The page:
I like this chapter. Great advice, great anecdotes and examples. I wish it was more focused on habits. It would take less editing to make the chapter fit a business book than a book on habits. To be fair, this is the 1st chapter in the last section: Advanced Tactics.
Genes dictate suitability, not success
You can’t ignore your genes. You are who you are and there are certain things you’ll never be great at.
Certain things – not everything.
There are plenty of things you can be good at. There are plenty of things you can be well above average at. And there are probably a few things you can be great or even world-class at.
Play your game
Play your game has 3 parts.
Regardless of your potential, you have to do the work.
Pick something that you can do well. I’m not built for professional football. I would have driven myself insane if I had dedicated my life to becoming a pro football player.
The secret to maximizing your odds of success is to choose the right field of competition.
Don’t pick something you will fail at. Pick something you will succeed at.
If you want to be a standout, pick something that’s easy for you and hard for everyone else.
You get to pick what you do. You should pick something you like.
You get to invent what you do. You can make your own rules.
Clear references a quote from cartoonist Scott Adams. Adams says his drawing is above average but nowhere near the best. He says the same about his humor. But the combination of his drawing and his humor and his perspective creates a unique, best-in-class skillset.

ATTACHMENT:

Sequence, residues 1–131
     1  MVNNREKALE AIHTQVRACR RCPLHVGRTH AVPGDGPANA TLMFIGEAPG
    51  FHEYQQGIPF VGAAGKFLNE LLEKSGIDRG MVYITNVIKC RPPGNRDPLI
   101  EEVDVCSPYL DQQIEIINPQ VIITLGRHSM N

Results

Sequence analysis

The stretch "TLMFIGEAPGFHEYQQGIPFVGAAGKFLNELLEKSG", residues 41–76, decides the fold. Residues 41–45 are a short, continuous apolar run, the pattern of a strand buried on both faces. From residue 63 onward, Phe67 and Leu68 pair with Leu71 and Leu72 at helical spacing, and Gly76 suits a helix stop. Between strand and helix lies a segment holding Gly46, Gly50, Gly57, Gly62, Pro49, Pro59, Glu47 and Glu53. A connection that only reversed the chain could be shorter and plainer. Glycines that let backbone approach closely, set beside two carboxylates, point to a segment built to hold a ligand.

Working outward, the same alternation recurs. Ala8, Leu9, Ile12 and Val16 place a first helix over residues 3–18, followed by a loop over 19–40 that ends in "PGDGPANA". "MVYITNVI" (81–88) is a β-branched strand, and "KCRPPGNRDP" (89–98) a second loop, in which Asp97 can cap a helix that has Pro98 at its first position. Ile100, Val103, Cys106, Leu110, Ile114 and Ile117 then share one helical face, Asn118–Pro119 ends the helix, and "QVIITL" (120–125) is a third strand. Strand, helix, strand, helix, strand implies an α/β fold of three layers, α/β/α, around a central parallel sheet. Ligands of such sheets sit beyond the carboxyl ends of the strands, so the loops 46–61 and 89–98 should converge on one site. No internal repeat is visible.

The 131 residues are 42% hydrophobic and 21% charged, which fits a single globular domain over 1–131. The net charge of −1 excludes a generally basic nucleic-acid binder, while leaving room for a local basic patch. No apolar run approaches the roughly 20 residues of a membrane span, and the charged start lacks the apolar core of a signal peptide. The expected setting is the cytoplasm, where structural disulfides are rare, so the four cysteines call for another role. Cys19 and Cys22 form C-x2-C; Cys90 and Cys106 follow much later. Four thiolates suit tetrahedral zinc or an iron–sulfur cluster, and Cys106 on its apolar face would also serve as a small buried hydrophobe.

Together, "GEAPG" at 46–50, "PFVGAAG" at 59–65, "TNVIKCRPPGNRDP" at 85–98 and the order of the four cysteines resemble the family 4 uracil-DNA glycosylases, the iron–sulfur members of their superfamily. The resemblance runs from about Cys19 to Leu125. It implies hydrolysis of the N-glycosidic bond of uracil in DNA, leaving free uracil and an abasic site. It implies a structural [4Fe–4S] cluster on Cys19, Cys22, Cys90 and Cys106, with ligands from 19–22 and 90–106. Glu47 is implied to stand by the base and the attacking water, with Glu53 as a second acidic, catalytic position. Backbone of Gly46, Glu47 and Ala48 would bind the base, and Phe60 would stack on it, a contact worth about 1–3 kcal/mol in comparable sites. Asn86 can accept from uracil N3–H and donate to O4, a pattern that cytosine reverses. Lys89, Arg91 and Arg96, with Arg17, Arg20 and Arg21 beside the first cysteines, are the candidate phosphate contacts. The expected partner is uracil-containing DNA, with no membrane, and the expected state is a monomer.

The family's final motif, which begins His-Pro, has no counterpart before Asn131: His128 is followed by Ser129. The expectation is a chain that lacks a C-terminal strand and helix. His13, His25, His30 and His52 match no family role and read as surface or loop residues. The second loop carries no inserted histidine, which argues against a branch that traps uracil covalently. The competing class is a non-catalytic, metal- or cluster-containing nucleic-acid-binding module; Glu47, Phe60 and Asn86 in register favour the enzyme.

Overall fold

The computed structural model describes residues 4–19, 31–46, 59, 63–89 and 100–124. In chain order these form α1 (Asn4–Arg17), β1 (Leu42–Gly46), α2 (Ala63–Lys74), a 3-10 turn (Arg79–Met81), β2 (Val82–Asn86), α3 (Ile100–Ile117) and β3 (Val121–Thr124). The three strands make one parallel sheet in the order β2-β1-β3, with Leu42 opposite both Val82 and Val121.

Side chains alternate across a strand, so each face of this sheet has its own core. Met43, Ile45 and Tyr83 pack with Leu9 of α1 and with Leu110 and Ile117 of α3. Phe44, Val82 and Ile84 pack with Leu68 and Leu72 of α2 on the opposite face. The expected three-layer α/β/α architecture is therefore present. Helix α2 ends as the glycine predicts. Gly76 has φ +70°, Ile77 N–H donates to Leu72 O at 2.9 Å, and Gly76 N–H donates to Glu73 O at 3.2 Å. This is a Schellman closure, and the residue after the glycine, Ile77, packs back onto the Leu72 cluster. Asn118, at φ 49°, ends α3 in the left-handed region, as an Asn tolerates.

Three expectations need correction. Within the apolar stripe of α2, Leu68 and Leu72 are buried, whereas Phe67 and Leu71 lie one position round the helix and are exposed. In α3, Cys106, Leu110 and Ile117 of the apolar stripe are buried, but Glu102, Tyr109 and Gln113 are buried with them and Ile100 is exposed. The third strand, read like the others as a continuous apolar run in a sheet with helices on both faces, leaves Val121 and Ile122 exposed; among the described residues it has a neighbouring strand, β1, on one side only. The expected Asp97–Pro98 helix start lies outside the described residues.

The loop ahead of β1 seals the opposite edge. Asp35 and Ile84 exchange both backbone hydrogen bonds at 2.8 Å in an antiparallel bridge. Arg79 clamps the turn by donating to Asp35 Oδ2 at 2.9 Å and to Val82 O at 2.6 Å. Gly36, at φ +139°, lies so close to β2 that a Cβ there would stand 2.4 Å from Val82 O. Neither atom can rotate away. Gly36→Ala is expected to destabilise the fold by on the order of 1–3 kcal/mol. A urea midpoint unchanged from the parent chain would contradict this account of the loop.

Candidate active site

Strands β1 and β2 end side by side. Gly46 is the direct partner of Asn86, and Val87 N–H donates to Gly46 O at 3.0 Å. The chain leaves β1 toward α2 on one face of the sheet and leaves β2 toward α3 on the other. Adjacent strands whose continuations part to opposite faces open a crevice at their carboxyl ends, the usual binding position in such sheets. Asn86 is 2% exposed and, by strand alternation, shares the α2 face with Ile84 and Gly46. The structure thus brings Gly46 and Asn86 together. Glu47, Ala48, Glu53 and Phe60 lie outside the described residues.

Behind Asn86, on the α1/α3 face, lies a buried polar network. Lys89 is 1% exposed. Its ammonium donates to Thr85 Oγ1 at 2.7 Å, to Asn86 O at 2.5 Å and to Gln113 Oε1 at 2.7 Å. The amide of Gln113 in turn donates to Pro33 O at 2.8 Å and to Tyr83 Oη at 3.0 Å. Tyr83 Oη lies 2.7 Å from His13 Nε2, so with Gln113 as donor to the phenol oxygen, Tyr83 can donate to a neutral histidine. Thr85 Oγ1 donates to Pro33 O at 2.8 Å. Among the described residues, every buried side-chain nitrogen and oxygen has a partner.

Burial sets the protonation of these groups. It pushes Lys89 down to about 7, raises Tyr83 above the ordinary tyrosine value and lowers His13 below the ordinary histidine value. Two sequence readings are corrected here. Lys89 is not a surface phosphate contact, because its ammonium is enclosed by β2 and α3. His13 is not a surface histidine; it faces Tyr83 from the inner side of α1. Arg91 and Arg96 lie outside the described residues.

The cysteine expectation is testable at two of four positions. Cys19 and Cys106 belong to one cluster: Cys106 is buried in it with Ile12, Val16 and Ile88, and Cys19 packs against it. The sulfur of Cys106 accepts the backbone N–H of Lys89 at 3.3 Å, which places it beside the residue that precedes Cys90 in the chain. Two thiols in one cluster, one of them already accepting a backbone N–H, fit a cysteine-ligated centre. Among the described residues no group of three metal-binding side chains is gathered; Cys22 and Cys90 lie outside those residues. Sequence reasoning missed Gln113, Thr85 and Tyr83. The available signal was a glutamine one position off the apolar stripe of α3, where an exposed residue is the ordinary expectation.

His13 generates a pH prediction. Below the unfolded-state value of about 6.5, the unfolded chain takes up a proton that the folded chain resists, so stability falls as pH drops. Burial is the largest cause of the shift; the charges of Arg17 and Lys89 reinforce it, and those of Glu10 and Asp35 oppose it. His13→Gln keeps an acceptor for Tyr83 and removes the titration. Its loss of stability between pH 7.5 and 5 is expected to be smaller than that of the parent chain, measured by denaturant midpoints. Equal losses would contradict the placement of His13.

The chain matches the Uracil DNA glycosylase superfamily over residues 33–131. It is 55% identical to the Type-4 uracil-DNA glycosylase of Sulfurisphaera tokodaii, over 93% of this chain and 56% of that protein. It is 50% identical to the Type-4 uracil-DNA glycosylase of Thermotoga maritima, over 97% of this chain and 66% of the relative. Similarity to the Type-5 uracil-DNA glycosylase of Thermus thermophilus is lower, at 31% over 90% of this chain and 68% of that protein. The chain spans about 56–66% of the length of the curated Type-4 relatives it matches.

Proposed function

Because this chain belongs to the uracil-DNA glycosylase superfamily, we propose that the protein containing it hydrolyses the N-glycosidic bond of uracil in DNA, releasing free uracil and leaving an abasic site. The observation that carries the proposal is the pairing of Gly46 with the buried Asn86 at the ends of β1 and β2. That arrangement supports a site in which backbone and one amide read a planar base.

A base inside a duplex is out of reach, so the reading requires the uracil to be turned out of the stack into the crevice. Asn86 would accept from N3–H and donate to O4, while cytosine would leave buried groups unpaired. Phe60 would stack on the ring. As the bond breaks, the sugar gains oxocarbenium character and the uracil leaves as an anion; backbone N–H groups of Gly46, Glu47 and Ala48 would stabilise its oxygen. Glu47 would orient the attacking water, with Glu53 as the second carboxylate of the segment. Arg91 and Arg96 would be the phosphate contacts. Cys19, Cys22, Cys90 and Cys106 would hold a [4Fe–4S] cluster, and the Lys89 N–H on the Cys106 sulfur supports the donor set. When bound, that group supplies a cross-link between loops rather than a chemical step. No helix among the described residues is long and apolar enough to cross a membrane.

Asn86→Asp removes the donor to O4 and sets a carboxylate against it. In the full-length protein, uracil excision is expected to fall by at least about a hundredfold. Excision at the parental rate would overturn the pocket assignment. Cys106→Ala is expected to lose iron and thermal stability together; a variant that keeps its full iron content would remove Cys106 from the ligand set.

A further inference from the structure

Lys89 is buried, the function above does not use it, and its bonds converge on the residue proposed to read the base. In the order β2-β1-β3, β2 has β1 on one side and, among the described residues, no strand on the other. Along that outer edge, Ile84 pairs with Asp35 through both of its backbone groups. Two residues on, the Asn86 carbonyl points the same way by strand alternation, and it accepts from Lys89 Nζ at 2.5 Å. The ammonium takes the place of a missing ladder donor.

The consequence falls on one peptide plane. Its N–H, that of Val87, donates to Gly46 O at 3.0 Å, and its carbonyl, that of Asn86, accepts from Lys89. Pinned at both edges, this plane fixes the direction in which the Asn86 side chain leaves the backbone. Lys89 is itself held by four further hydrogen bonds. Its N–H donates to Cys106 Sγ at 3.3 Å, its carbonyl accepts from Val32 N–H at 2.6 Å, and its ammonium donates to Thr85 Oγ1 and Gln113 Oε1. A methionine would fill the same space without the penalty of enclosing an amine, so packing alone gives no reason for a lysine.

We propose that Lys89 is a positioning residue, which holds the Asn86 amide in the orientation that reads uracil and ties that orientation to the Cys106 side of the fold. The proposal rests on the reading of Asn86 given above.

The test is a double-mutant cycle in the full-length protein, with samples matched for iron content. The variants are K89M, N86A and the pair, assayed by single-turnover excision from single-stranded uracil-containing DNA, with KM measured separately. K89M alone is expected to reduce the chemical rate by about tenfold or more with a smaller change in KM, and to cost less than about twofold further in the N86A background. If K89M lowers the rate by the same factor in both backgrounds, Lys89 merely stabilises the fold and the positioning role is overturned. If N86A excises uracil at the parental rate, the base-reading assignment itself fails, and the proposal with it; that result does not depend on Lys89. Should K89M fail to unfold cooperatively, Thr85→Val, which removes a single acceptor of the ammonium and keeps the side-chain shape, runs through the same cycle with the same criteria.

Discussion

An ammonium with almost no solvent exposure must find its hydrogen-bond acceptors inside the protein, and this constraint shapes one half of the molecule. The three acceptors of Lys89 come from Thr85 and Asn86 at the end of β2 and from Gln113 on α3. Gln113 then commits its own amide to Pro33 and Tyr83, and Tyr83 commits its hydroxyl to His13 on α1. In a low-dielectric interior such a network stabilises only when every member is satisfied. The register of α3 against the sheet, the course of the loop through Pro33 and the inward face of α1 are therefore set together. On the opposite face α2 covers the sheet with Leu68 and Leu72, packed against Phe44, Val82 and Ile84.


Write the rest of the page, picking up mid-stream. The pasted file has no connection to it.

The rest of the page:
Key takeaways and implementation
I’m in the process of rebranding/reorienting my consulting practice. It’s all about combining my strengths and interests and perspectives to create a unique offering. Like I said, this chapter could go in a business book.
How I did it:
- I defined my goal. In this case, my goal is both monetary and geographic.
- I did a giant brain dump. I made lists of strengths, weaknesses, interests, dislikes, and any position in my industry that I disagreed with.
- I mixed and matched the pieces until I found a combination that would:
- play to my strengths while avoiding my weaknesses
- emphasized my interests
- let me create a new category I could dominate
- had a way to meet my goals (I think a lot of people downplay this step, telling themselves that they’ll figure out a way to make it work. Maybe they do… but what happens when they don’t?)